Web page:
What does it really mean to be thankful? As we approach Thanksgiving, we consider the importance of living with gratitude for God's blessings.
Psalm 100 urges us to "enter into His gates with thanksgiving, and into His courts with praise." The Israelites praised God as they first entered the temple gates in Jerusalem, continuing as they walked through the courtyard. Gratitude was extended throughout their journey.
This principle of thankful living impacts us still today. We don't need to wait until a holiday. We can reflect on God's goodness to us throughout our daily actions. Even when we are stuck in traffic or standing in a line at a store, we can turn from impatience to counting God's blessings—from our salvation, to our family members, to the little ways God shows up throughout our day, our hurried moments can become holy moments as we cultivate an attitude of gratitude.
For example, even in their hardships, the first Pilgrims celebrated Thanksgiving with this "attitude of gratitude." A look at the first Thanksgiving prayer provides a great reminder of the holiday. History tells us that Gov. William Bradford recorded the first Thanksgiving proclamation three years after the Pilgrims settled in Plymouth. One key phrase of his prayer declares that God "has granted us freedom to worship Him according to the dictates of our own conscience."
While many today view Thanksgiving as a holiday to eat turkey and watch football, its origin celebrated our nation's freedom to worship God. Let us all reconnect with this original Thanksgiving prayer. As we gather for the holiday with loved ones, remember to express appreciation for America's religious liberties. More than ever, we need to remember our religious freedoms—and express them! May God continue to bless America as we seek to worship Him.
Likewise, 1 Thessalonians 5:18 instructs us that it is God's will to thank God in all circumstances. No matter our situation, we know God works for our good. Why? Romans 8:28 reminds us "for those who love God all things work together for good." Joseph, for instance, was sold as a slave and a prisoner for 13 years before the Lord made him a leader in Egypt. Yet Joseph would later recognize these tragic circumstances served as part of God's plan to save the lives of many.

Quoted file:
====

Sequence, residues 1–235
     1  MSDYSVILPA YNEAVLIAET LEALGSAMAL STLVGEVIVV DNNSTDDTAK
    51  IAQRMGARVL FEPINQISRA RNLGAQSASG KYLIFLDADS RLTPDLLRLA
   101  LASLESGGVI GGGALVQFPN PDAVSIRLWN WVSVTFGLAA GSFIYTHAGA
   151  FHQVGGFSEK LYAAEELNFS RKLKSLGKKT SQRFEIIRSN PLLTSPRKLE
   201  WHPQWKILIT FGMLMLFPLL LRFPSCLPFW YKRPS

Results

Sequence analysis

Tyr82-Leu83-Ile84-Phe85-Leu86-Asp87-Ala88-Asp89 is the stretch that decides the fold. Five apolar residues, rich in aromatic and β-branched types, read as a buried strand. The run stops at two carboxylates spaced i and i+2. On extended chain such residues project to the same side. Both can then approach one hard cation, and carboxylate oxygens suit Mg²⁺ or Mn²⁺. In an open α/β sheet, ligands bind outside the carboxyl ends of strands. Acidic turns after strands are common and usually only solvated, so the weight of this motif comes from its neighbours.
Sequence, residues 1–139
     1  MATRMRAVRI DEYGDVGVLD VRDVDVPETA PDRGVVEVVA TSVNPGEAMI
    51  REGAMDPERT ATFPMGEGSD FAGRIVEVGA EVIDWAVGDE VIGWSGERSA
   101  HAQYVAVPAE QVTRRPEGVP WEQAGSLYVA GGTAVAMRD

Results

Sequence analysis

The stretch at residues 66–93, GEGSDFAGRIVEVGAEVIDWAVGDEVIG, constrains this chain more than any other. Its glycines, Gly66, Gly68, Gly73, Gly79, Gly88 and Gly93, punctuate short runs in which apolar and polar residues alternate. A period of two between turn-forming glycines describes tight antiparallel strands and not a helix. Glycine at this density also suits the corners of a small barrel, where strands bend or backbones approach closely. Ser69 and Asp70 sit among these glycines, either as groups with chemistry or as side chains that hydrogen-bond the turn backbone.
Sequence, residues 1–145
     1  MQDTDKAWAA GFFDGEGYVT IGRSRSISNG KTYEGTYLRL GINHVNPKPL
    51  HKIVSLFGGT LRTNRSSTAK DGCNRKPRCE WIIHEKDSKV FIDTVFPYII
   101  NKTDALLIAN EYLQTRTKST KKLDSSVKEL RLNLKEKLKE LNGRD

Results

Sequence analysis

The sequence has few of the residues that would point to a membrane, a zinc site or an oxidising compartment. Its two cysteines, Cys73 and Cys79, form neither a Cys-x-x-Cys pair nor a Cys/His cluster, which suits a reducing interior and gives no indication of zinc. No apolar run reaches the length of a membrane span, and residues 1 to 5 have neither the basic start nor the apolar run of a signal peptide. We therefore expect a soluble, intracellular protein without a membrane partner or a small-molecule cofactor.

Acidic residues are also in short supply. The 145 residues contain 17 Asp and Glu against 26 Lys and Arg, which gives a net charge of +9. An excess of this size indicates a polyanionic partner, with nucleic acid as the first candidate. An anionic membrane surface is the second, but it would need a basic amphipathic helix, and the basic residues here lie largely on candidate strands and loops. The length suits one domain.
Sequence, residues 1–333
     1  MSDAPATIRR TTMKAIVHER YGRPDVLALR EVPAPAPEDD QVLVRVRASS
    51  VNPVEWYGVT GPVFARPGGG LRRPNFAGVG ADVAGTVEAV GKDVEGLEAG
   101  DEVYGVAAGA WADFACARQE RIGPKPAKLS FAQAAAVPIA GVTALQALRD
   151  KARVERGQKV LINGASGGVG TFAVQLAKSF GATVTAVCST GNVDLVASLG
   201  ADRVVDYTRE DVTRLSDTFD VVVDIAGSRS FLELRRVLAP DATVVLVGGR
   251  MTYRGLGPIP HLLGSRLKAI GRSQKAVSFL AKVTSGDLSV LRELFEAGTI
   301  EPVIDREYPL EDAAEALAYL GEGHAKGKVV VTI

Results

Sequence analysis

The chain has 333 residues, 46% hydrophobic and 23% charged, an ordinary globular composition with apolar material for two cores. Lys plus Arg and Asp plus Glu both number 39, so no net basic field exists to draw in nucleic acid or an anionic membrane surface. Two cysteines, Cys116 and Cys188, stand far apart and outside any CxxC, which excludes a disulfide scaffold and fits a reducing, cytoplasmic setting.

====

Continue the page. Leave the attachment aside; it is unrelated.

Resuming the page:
We may not understand the trials we face, but we can be thankful through the storms of life. God is with us and is for us despite our most difficult situations. Let's remember to thank Him in all circumstances today.
Additionally, let us also remember that Thanksgiving is more than a day of feasting. What are we really celebrating on this special day? In the classic "A Charlie Brown Thanksgiving" television special, Marcie reminds Charlie Brown, "Thanksgiving is more than eating, Chuck. We should just be thankful for being together."
Can we relate? We often find ourselves focused on food, watching football or immersed in other plans, yet the real joy of the holiday is extended time together with loved ones, including our children and grandchildren. Scripture reminds us to make the most of every moment. Instead of overemphasizing food or other activities, remember the importance of time with those you love.
This life passes so quickly. Let's make sure we focus our lives on God and showing love to those around us. These special times will result in memories we will never regret.
Sam Rohrer is president of the American Pastors Network, a national network of pastors with constitutional and biblical teachings that discuss today's pressing issues. He was a Pennsylvania lawmaker for 18 years and hosts the daily "Stand in the Gap Today" national radio program on more than 400 stations and is host of the "Stand in the Gap" national television program.
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